What is a Light-Dependent Resistor (LDR)?

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An LDR, short for Light Dependent Resistor, is a kind of resistor that works on the principle of photoconductivity. It implies that its resistance changes depending on how much light falls on the device. The resistance of an LDR reduces as more light falls on it and vice-versa. Common uses for LDRs are light sensors, light meters, automatic streetlight control systems, etc. where sensitivity toward illumination is required.

Construction of an LDR 

LDRs can be made from cadmium sulfide (CdS), lead sulfide, lead selenide, indium antimonide or cadmium selenide which are photosensitive semiconductor materials. To ensure that modern LDRs do not harm the environment, lead and cadmium materials are usually not used for their construction.

A Light Dependent Resistor (LDR) typically consists of light-sensitive material mounted on an insulating substrate made of ceramic acting as a base. The material is shaped into a zigzag so that it has a specific power rating and resistance. The zigzag arrangement separates the metal-coated parts into two separate areas which optimizes device performance.

Each side of these zones has ohmic contacts with as little contact resistance as possible so changes in resistance are mainly caused by variations in brightness. For electrical connections to be made, two metal contacts are positioned at either end of the zigzag formation so that they can be integrated into various circuits.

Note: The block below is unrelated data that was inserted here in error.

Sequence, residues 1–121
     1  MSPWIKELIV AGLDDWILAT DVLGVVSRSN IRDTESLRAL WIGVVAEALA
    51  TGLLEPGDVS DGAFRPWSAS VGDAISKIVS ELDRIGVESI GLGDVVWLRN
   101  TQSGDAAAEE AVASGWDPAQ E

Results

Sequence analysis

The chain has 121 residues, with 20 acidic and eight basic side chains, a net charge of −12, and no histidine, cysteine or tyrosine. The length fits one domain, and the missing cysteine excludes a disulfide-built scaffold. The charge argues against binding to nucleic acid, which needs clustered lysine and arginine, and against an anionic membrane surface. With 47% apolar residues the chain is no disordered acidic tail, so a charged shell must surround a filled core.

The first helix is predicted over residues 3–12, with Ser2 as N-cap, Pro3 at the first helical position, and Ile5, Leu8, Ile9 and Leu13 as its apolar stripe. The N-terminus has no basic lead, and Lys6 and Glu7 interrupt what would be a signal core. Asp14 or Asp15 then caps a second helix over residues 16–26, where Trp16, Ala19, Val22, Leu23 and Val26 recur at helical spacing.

LDRs have a transparent cover over the top of the light-sensitive substance. The covering protects the substance while still allowing light through so that the LDR can work properly by picking up light from its environment.

They are available in sizes that include but are not limited to 5 mm (about 0.2 in), 8 mm (about 0.31 in), 12 mm (about 0.47 in), and 25 mm (about 0.98 in) and are often referred to as ‘light sensors’.

Working Principle of LDR 

A Light Dependent Resistor (LDR) operates using photoconductivity as its working principle. This is the characteristic of certain substances where they change their electrical resistance when light falls on them. Light energy on an LDR's surface causes electrons within the semiconductor material to move. The electrons are excited by this energy so much that they can jump from their usual place in what is called the valence band up to an area known as the conduction band leaving holes behind into which other nearby atoms' electrons may fall if there are any vacancies available there thus creating positive charge centers. This process also increases the number of electric charge carriers that were initially immobile around atoms until this time — which means more charge carriers become free or liberated hence resulting in higher electrical conductivity levels observed within these materials; therefore their resistance becomes very low.